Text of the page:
Collaboration and courage bring live theatre back to The Old Vic

Published March 8, 2022 | 3 min read

The Old Vic theatre has thrived on the flair and creativity of its custodians for more than two centuries. It continues to do so now, staying resilient in adversity with the help of RBC and creative forces.

For rising theatre talent Katy Rudd, putting on the first play at The Old Vic after a long COVID-19 hiatus was a journey of faith, perseverance and ultimately triumph as cast and crew combined to return live theatre to the public.

Rudd was appointed 'Baylis Director' at The Old Vic for 2020/21, bringing the opportunity to produce a full-scale production on the main stage of one of London's most iconic and venerable theatres. Through September and October, her direction of Bess Wohl's play "Camp Siegfried" played to live audiences at The Old Vic for the first time since the COVID-19 pandemic.

“I think the overwhelming feeling was of excitement and joy to be back together in a room and to be able to do the job that we love so much," said Rudd.

image of Katie Rudd
Photo credit: Manuel Harlan

The outbreak of COVID-19 had a significant financial impact on The Old Vic, initially raising fears for its programmes for emerging talent. However, the theatre has thrived on the flair and creativity of its custodians for more than two centuries. It continues to do so now, staying resilient in adversity with the help of RBC and creative forces like Rudd.

Nurturing a vision through lockdown and Zoom

Putting on Camp Siegfried, a story of love and terror on Long Island, required invention, improvisation and adaptability, critical tools for a diverse group of workers. Rudd needed to find innovative solutions to ensure her tenured year was a success through an often fraught period. She fell in love with Camp Siegfried's script while in lockdown and held Zoom meetings to flesh it out with writer and Long Island resident Wohl.

“I thought that it was funny and warm and dark and frightening and I cared about the characters and who they were and I asked to direct it," said Rudd. “I met with Bess on Zoom and we developed the script together for about six months before we started going into pre-production work.

“It was an amazing thing to have during lockdown, during that quite hopeless time, to be able to spend time thinking about it and imagining it for myself was really lovely."

Developing a play amid a pandemic was a production in itself, particularly given the uncertainty as to whether audiences would be allowed. Cast and crew had to be socially distanced as per health regulations. COVID-19 tests were undertaken daily. But the restrictions did not dim the creative output, nor the enthusiasm of those involved.

“We were making Camp Siegfried not knowing if it would open to a full audience," said Rudd. “We didn't totally know if anyone would come back to the theatre. So we were planning it on hope.

“But then we (were) unlocked and it was suddenly possible to be in the room with actors again. The actors bubbled up so that they could work together."

Lights, cameras and online action

image of Katie Rudd
Photo credit: Manuel Harlan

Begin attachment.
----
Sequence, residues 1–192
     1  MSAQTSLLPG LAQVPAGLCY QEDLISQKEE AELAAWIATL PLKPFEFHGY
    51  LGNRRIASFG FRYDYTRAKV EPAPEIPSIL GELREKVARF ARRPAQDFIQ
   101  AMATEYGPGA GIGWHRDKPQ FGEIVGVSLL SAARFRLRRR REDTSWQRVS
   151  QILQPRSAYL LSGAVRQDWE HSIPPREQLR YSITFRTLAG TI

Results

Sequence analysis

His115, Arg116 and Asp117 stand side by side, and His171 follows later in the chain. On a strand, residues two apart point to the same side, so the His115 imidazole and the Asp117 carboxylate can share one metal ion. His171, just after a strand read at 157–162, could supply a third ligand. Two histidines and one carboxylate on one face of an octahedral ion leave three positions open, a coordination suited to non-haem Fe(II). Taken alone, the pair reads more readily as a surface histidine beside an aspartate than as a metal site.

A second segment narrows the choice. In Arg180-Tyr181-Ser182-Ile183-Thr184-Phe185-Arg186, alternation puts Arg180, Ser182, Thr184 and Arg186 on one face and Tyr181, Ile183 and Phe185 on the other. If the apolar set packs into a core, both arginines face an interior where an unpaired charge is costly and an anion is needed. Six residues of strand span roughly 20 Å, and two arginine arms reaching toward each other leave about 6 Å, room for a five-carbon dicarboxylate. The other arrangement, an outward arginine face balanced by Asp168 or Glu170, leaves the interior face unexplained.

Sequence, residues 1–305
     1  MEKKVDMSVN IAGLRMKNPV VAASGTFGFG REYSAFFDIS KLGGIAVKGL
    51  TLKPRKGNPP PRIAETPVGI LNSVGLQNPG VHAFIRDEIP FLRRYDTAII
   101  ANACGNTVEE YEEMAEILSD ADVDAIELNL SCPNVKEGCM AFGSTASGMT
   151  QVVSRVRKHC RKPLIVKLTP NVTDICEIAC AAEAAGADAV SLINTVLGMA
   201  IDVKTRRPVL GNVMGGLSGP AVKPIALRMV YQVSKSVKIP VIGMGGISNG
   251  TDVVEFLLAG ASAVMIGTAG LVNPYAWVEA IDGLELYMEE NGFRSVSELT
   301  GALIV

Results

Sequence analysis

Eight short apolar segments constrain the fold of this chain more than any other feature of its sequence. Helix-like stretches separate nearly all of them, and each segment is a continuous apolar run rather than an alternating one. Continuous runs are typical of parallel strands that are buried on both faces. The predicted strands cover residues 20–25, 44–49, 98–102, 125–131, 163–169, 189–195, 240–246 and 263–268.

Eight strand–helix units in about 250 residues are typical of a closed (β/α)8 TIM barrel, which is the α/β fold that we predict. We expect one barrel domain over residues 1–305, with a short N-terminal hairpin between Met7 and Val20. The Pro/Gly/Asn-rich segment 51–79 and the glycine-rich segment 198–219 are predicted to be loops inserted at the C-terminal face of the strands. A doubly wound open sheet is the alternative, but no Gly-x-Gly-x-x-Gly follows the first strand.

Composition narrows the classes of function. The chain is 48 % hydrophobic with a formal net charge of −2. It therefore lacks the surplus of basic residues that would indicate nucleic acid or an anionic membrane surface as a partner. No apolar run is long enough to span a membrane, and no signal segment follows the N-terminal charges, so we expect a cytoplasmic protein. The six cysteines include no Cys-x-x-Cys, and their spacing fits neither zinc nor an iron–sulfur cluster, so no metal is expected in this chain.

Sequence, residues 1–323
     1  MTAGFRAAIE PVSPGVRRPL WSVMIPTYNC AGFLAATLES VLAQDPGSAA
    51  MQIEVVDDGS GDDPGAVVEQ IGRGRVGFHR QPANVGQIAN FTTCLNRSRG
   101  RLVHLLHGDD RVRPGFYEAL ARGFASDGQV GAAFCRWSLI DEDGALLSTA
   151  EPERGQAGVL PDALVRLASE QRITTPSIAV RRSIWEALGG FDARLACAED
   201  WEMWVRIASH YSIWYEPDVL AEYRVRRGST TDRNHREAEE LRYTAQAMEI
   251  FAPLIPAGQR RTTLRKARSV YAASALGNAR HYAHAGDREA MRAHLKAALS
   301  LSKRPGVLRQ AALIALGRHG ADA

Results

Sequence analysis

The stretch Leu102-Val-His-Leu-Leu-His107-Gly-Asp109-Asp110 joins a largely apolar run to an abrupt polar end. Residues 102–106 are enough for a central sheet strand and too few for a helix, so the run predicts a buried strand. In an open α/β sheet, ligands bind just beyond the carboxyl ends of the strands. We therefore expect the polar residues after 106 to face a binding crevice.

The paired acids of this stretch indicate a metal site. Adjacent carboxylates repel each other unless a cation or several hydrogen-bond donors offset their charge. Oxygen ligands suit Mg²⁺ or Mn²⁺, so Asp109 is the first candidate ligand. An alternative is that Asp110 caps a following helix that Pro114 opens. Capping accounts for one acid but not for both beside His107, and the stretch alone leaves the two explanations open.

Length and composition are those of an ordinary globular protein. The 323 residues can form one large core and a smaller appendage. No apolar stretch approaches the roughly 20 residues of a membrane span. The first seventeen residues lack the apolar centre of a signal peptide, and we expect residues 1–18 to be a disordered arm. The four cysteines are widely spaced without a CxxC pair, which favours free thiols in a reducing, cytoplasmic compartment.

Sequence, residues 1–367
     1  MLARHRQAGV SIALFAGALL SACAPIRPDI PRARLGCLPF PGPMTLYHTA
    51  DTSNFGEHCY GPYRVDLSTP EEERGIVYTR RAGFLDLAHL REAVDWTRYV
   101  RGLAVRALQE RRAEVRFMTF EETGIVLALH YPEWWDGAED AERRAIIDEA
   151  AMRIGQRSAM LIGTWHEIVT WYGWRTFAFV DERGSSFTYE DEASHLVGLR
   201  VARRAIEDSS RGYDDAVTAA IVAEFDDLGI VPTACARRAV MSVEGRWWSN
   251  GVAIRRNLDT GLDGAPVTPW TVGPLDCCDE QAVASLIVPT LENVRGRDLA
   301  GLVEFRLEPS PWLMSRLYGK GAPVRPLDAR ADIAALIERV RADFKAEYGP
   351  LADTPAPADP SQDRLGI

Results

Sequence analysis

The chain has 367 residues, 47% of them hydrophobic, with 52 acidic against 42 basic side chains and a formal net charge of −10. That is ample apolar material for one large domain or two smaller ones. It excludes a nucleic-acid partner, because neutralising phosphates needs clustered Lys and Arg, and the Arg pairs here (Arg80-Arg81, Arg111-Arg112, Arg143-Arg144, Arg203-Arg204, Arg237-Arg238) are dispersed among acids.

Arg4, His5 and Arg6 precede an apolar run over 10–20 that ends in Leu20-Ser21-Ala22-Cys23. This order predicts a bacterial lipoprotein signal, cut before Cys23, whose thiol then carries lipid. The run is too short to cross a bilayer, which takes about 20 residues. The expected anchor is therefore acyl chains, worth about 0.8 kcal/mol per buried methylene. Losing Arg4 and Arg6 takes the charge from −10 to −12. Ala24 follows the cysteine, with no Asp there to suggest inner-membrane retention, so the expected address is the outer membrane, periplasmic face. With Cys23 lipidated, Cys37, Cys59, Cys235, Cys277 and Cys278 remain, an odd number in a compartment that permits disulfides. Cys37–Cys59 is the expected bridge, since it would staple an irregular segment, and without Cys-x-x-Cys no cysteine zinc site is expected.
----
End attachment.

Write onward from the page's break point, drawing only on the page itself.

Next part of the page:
Rudd's role as Baylis Director, one of the programmes supported by RBC, expanded beyond the stage to the methodology of productions in the digital age. As associate director, Rudd worked on the "In Camera" series featuring plays including "Lungs", "Faith Healer" and "Three Kings", all directed by Matthew Warchus.

They were filmed in an empty auditorium but streamed globally through the pandemic, allowing theatre-lovers to enjoy them from home. The Old Vic staff were redeployed, with the Technical Team converting to camera crew to relay the performances online. If anything, the adversity was a spur for those involved, being mindful of the boost the productions could give to audiences around the world.

“Most of us were learning about this new medium and using the Zoom format to be kind of creative," said Rudd. “It was really everyone pulling together to try and make something that would help get us through and keep the doors open.

“It was really moving to see everybody cares enough to keep the theatre going and to learn new things in order to do that."

Rudd, with cast, crew and the dedicated staff of The Old Vic, showed what can be achieved when creativity blends with innovation. RBC, in partnership with The Old Vic's Emerging Talent Programme, supports artists like Rudd who recognise the power of bringing people together and possess the drive to make it happen.

"It was hugely rewarding to see Katy realise her vision and for The Old Vic to welcome back live audiences," said Prue Thompson, Managing Director, Head of Marketing & Client Engagement, RBC Wealth Management and RBC I&TS. "It has been RBC's privilege to support the Old Vic as part of our Emerging Artists Project, and we are glad to play our part in helping the creative arts industry thrive."

“It's been really exciting for us to extend our support of The Old Vic through RBC's Emerging Artists Project, as we acknowledge the important part the creative industry plays in sustaining our communities and culture."

Our partnership with The Old Vic supports RBC’s commitment to help clients thrive and communities prosper. In addition to The Old Vic, RBC Europe partner with a number of community projects, charity partners and organisations to raise money for worthwhile causes and to support local communities. Find out more at www.rbccm.com/europe.


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